Every information technology job today now involves some aspect of cybersecurity. Every person who works in information technology, as well as every person who works in technology, is (or should be) engaged in some capacity with safeguarding and defending applications, data, devices, and infrastructure, as well as people.
IT workers are increasingly taking on security responsibilities as part of their overall role, which means that a growing portion of the responsibilities for cybersecurity jobs that are currently posted but not filled are being taken on by IT workers. This is despite the fact that many organizations ranging from medium to large size post cybersecurity jobs that go unfilled.
There are more than 12 million people employed in the technology sector in the United States, and there are around 75 million technology employees worldwide. These employees will (unofficially) continue to soak up the cybersecurity duties intended for the roles that businesses are struggling to fill, whether it is by design or out of the sheer need of the situation. Whether it is by design or out of the sheer necessity of the situation.
Cybercrime, which is expected to cost the world $10.5 trillion annually by 2025, up from $6 trillion in 2021, will continue to generate a number of new jobs that are roughly equal to those that will be filled over the next five years. This is due to the fact that cybercrime is expected to cost the world $10.5 trillion annually by 2025.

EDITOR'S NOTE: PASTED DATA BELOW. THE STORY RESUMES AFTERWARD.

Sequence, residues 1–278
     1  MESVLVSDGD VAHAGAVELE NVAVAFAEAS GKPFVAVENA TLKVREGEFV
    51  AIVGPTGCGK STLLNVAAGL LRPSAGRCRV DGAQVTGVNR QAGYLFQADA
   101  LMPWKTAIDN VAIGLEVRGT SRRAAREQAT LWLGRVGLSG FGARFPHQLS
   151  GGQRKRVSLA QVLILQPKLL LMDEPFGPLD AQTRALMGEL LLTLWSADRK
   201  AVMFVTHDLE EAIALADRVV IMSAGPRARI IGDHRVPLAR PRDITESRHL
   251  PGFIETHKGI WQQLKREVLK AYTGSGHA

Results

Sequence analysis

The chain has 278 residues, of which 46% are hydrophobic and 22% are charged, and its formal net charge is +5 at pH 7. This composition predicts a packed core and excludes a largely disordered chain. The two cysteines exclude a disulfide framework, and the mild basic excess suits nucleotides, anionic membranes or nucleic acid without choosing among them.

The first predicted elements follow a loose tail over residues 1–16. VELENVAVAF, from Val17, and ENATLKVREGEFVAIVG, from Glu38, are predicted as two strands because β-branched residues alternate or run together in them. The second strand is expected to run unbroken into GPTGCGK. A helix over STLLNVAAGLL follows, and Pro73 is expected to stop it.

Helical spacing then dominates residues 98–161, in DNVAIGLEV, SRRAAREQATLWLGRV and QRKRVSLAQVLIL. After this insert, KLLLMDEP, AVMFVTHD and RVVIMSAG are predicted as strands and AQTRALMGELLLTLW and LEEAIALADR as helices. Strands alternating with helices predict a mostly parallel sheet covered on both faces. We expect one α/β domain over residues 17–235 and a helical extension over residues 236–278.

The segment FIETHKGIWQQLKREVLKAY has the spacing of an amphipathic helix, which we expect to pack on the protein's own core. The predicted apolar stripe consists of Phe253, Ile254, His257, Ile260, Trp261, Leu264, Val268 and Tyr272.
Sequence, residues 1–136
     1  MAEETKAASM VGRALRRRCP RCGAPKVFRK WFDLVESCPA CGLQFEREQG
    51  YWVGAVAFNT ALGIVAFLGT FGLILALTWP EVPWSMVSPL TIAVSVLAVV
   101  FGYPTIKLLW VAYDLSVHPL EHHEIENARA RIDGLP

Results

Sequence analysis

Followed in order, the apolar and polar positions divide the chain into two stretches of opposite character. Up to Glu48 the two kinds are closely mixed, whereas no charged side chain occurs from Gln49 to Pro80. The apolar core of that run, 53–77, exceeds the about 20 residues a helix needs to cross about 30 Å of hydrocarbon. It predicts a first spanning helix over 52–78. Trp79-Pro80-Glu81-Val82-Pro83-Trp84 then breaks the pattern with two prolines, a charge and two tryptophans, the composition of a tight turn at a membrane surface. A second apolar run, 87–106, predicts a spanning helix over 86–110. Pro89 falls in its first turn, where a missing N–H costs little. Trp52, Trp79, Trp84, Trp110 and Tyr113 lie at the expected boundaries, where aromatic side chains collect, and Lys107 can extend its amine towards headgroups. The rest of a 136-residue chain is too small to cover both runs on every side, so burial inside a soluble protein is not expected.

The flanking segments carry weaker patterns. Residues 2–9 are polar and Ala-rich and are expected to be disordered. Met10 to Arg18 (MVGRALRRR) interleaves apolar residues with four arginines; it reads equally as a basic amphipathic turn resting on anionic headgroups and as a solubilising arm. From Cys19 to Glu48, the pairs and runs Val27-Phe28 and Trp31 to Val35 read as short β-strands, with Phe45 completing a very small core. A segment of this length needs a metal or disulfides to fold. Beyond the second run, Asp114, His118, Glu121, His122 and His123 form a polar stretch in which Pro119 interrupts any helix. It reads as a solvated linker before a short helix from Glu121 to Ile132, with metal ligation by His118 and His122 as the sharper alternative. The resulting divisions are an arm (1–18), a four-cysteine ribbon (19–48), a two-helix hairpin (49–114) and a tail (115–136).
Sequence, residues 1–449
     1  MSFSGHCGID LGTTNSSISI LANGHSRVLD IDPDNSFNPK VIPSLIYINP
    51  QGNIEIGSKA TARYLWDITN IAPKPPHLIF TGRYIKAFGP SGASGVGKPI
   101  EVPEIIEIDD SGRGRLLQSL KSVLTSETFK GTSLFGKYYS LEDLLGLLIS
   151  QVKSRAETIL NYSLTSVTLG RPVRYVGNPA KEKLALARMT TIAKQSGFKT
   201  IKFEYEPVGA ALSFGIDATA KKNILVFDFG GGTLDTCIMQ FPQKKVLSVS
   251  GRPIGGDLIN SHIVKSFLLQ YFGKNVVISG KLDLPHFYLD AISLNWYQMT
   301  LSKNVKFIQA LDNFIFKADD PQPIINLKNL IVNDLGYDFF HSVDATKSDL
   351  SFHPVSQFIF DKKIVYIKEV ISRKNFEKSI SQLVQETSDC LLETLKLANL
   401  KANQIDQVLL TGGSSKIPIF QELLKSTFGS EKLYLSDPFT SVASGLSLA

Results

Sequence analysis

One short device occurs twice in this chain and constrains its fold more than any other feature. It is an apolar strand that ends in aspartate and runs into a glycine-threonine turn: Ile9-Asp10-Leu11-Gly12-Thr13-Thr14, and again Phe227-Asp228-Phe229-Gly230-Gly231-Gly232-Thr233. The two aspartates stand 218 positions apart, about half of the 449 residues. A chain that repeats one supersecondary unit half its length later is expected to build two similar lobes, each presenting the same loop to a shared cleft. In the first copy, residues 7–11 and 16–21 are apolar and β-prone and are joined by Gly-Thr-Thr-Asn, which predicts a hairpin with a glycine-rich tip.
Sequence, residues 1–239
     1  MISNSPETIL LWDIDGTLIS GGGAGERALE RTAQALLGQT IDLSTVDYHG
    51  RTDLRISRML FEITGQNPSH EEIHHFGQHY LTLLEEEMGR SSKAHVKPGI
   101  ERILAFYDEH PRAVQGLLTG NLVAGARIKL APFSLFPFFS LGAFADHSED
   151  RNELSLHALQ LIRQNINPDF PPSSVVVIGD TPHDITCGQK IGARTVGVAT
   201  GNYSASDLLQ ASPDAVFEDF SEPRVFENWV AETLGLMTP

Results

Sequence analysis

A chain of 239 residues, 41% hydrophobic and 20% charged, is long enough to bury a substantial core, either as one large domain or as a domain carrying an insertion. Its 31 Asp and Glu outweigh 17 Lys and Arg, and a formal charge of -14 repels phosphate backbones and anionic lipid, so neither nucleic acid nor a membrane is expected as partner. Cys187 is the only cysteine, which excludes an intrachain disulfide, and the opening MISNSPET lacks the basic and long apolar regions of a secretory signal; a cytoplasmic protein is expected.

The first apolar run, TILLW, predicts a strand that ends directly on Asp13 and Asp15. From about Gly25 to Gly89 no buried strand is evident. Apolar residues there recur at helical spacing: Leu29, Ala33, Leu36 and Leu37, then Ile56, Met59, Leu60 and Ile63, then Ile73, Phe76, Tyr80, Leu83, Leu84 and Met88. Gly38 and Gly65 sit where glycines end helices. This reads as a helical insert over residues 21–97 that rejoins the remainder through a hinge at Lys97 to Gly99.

During an interview for a podcast produced by Cybercrime Magazine in 2018, Robert Herjavec, a Shark on the Emmy Award-winning television program “Shark Tank” shown on ABC, said that “if you know cybersecurity, then you have a career for life.” At that time, he said that the unemployment rate in the cybersecurity industry is exactly 0 percent.
It is possible that the concept of employment throughout one’s whole working life might become a statistical reality in the next five years, given the current amount of job vacancies. However, the amount of knowledge one has to know about cybersecurity is subjective, but the number of employment prospects available in our industry seems to be endless.
In a recent blog post, Microsoft’s corporate vice president of Security, Compliance, and Identity, Vasu Jakkal, said, “Cybersecurity needs you.” She is not simply referring to those with prior expertise in the technical field. “Cybersecurity requires individuals with various backgrounds,” including those with experience in business, law enforcement, the military, science, liberal arts, marketing design, and a wide variety of other professions.
According to Joanna Burkey, the Chief Information Security Officer of HP Inc., “Allow me to demolish a prevalent myth: that cybersecurity personnel must be technological wunderkinder, hoodie-clad prodigies who can break a password in six seconds with time to spare for an energy drink.” Although highly technical positions are essential, in a robust cybersecurity organization they make up less than a third of the workforce on average.